About Us

Ed Schneider Bio

Like many of you, I believed I'd find happiness in money, cars, big homes, in all the things I could buy. Powered by a high-powered profession and big ego, I worked like a dog in my own “debt collection agency”, and, by the by, bought all of those things I assumed would make me happy, mostly on credit of course. By the time I was 40, I lived in a home in the very affluent Fairfield County. I owned two new bright red Porsche 911s and a new silver Ferrari. My small Connecticut “collection agency” had grown into one of the three largest in all of New England. Now it seemed like I had it all, along with lots of big bills and a total disdain for my job.

To keep my sanity, each day I rode my bike through the beautiful hills in Connecticut. I flew up the steepest hills, racing down the backside even when there was sleet and snow. I was unstoppable!

Then everything changed….

Thinking I had the golden business touch, I bought a golf franchise. Always self assured and even cocky - I let my ego cloud my judgment. I skipped over the business details and in the process made a huge mistake. The franchise was a complete house of cards… The business nose-dived and I found myself nearly bankrupt and left with well over a million dollars in debt!

The financial stress of not wanting to hurt my hard earned credit standing and pay back my creditors was massive and I was a wreck. I was in my late 40's with three children to feed and 20 business investors who also demanded their money.

Suddenly, I didn't have the energy to get out of bed. I was exhausted - physically, mentally, and emotionally. After years of being a tri-athlete, and a very successful business person who easily worked 14 hours a day, I barely had the energy to walk, let alone have time for my wife and children. All I was concerned about was how I was going to get out of debt and be able to buy some more toys.

Then my family fell apart…. within a very short time, I lost my brother, mother, father, and my oldest and closest childhood friend. Finally, one late night, after a very painful workday, and attempting to find a way out of the massive pile of debt, I stumbled up to my bedroom and mumbled to my wife, “The only thing that matters is you and the children. It's got to change. I need your help.” But it was too late. After almost 20 years of marriage, my beautiful wife left and filed for divorce….

I felt as though my life was a complex puzzle whose pieces had been scattered around the room, and I could not figure out how to put that puzzle together again.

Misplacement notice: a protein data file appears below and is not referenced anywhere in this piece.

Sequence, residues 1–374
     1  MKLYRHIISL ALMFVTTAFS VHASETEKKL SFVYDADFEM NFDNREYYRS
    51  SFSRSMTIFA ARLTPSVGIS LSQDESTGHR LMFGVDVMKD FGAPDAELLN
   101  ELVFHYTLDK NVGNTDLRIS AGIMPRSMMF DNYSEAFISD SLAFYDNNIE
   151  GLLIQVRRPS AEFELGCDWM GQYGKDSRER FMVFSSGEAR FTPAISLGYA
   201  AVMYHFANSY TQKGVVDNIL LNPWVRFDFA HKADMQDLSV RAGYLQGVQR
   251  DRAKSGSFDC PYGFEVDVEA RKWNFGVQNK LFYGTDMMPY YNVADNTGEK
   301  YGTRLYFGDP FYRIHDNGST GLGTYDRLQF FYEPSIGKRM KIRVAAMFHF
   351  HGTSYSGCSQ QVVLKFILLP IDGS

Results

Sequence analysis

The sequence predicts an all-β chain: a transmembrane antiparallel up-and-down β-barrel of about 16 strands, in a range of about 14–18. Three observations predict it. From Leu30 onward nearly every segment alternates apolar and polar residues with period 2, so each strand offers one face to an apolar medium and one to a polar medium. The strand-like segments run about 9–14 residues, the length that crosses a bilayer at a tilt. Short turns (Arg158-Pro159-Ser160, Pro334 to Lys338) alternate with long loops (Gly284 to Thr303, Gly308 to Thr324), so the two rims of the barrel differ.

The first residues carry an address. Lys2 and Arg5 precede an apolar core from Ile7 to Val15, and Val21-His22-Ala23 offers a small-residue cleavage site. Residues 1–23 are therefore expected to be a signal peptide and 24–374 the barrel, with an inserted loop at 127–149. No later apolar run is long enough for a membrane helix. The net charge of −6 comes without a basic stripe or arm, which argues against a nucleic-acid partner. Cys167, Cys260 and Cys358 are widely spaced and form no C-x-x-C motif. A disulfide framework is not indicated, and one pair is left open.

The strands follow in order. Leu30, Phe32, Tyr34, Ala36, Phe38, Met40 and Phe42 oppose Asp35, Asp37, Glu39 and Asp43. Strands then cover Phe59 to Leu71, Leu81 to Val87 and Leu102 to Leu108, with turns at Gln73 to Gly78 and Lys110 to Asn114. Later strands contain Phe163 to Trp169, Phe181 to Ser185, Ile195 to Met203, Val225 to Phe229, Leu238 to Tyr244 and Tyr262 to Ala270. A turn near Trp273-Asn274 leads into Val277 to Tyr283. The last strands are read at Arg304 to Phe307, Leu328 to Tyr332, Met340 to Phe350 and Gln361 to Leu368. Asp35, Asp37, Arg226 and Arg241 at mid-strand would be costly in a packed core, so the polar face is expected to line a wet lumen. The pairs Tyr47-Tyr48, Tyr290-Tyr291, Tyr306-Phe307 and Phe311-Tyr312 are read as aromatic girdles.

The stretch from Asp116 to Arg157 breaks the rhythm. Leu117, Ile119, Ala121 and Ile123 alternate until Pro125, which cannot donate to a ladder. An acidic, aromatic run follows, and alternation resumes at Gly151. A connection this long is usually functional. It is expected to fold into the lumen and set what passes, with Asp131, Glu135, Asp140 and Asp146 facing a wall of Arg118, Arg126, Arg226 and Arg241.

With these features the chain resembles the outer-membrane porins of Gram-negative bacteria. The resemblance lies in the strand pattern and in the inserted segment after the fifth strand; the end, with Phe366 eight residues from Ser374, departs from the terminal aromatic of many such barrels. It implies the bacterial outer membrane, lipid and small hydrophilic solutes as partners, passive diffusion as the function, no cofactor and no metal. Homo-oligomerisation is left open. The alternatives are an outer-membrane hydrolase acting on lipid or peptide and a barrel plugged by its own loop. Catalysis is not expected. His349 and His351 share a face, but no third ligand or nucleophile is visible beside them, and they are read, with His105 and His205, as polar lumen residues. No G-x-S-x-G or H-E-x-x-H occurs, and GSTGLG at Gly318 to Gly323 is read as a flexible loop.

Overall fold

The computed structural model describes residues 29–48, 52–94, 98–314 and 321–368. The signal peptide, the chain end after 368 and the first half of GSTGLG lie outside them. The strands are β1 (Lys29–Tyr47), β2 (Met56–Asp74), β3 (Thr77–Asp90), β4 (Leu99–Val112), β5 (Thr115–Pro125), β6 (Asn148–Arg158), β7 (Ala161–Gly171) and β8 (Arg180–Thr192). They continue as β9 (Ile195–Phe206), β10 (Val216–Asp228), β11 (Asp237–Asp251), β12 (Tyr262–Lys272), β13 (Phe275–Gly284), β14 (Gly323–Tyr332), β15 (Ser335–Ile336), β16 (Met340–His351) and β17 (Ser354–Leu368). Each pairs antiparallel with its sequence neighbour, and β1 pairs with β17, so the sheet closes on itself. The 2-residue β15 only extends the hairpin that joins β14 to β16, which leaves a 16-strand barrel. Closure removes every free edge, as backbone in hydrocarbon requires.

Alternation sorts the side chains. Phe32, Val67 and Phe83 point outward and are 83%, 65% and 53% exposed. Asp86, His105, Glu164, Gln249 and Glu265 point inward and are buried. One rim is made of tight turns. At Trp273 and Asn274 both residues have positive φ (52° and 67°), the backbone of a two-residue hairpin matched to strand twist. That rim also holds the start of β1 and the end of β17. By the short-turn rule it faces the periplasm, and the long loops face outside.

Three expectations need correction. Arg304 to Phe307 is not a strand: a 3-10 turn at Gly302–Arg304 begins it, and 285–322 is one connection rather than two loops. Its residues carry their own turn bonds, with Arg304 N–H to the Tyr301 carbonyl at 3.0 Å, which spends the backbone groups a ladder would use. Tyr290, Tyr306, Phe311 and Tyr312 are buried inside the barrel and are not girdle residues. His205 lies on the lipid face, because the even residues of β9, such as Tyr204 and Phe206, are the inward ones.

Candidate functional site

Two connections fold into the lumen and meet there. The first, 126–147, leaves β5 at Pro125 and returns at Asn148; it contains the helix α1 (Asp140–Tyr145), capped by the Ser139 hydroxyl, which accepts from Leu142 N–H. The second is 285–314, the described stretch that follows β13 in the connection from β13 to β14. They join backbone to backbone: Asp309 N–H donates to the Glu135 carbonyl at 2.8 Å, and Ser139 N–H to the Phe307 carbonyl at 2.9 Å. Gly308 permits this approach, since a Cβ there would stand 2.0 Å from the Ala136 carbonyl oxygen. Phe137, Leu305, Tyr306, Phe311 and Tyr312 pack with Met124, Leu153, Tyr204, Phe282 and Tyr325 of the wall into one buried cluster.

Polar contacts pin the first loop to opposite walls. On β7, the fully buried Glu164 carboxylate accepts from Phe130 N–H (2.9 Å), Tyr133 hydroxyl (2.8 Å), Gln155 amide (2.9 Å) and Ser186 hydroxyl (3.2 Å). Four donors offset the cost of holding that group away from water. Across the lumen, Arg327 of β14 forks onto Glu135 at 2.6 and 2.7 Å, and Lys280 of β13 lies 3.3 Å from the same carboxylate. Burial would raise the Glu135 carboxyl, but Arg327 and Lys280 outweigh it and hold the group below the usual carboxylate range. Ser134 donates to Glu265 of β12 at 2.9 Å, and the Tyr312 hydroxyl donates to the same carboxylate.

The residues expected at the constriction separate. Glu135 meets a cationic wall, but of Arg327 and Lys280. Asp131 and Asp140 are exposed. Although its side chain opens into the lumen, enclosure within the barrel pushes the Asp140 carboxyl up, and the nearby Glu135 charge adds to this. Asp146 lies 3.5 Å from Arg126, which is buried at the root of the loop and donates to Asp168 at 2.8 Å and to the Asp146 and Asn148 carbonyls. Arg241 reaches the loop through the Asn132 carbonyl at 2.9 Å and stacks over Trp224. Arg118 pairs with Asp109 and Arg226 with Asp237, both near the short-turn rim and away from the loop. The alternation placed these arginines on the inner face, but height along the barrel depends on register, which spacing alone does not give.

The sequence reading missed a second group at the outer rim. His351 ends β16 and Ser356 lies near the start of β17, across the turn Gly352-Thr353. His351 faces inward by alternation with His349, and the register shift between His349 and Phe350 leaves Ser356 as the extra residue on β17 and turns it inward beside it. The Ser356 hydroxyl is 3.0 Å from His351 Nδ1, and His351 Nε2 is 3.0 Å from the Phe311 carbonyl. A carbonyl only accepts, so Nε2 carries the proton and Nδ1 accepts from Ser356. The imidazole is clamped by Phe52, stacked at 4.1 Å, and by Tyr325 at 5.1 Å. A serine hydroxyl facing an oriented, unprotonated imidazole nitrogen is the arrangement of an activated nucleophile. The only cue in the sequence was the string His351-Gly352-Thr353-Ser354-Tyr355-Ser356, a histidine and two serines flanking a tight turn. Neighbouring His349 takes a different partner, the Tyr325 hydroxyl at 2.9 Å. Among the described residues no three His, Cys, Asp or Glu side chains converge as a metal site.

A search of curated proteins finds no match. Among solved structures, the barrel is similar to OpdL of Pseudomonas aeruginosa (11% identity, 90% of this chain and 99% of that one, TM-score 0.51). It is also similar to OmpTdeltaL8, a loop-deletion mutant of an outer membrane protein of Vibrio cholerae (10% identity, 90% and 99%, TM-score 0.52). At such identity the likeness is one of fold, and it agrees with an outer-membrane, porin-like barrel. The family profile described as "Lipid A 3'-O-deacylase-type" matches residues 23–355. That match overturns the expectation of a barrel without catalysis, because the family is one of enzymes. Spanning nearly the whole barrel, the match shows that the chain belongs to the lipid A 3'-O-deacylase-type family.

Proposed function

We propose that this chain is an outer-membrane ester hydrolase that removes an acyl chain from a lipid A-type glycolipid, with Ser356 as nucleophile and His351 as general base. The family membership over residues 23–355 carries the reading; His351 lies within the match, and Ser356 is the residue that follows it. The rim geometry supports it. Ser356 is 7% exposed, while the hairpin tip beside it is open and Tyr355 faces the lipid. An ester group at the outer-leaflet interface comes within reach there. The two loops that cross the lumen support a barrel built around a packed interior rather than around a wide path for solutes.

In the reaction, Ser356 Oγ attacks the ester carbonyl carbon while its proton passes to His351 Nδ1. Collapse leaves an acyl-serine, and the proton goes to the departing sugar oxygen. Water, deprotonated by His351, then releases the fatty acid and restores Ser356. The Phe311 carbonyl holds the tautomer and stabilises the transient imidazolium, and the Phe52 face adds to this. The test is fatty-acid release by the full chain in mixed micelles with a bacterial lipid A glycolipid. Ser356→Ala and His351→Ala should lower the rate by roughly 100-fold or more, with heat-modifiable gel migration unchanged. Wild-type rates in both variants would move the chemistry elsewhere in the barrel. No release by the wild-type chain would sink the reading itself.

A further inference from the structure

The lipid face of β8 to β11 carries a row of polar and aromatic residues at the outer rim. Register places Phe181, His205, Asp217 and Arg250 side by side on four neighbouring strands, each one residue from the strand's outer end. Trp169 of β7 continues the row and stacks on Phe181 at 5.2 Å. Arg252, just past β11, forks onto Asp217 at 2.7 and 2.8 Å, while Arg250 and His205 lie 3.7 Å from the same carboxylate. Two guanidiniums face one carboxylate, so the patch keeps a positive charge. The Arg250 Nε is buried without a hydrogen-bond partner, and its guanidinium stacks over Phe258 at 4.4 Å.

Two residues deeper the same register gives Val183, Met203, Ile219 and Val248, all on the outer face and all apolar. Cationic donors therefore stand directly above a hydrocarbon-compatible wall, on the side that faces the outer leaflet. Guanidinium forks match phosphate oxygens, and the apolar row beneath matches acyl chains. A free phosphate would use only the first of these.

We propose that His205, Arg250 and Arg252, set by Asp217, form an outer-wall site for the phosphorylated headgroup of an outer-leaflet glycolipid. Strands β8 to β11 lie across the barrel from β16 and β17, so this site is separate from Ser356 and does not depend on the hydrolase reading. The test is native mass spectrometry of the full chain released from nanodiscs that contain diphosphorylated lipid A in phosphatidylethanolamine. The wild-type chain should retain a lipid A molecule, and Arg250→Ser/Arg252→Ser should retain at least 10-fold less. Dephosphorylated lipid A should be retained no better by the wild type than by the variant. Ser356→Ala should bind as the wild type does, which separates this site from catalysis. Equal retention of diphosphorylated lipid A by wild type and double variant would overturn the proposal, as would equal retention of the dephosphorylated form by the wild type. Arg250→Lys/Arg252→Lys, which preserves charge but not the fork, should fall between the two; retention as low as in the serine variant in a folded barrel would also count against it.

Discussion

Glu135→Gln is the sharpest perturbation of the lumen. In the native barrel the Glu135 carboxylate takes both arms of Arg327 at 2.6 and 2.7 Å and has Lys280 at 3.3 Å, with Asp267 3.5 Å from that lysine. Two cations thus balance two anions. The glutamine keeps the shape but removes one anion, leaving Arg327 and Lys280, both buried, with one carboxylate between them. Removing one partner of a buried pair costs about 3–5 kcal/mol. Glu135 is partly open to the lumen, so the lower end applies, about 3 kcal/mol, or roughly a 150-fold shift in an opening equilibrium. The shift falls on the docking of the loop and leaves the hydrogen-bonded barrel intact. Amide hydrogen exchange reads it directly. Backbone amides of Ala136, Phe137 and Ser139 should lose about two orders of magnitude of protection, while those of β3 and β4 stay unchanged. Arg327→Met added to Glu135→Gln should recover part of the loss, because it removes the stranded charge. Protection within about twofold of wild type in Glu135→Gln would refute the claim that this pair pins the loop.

I was fatigued, exhausted, and severely depressed. I looked for answers from medical doctors, psychiatrists, psychologists, therapists - anyone who could help me.

Finally, after many years of continuous financial and mental struggle, I read a book that let me realize something ridiculously simple but profound; being happy was a simple life choice, it wasn't about credit scores, big homes or fancy cars, but about choosing each day, each moment to live in a fulfilling, joyful and giving manner.

Karma or the WHAM of things falling in place

Suddenly, with that one choice I committed to each morning, to live a fulfilled and happy life, once again, my life started to come together. Then, soon after, while in my car listening to the radio, I heard a commercial describing a service that would allow individuals to get back on the road to financial recovery, through debt negotiations with credit card companies. Frankly, my first thought was “boy, how I wish a service like this existed years ago, it would a have saved me so much heartache”. Then WHAM, I realized that I could use my hard earned life lessons and all of the knowledge about how to collect and negotiate money for large institutions for more gratifying purposes. Now I could help individuals like myself who had gotten caught up in unforeseen circumstances or difficult times whether it be business downturns, divorce, illness, etc.

Life calling or going full circle

How ironic, that now as I approach sixty I find myself coming full circle with a sweet twist. All those years spent mastering how to collect money from individuals in order to give it to large institutions, which left me so unfulfilled, can now be used to keep money in the hands of the people who really need it. And, to me this is the ultimate fulfillment!

Today, I don't have all those fancy cars and big homes, but I have happily remarried and am back to cycling 150 miles a week, racing into the wind and more importantly now at peace with myself, and loving what I do.

My hope

My hope is I get to speak to all of my potential customers, giving me the opportunity to both grow myself and help others grow. Hopefully, these conversations will enrich all of my customer’s lives, because that is what I consider the definition of rich to be today.

Edward Schneider
Born and raised in Stamford Connecticut.
Graduated Stamford High School
Graduated from Boston University, B.S. in Business Administration



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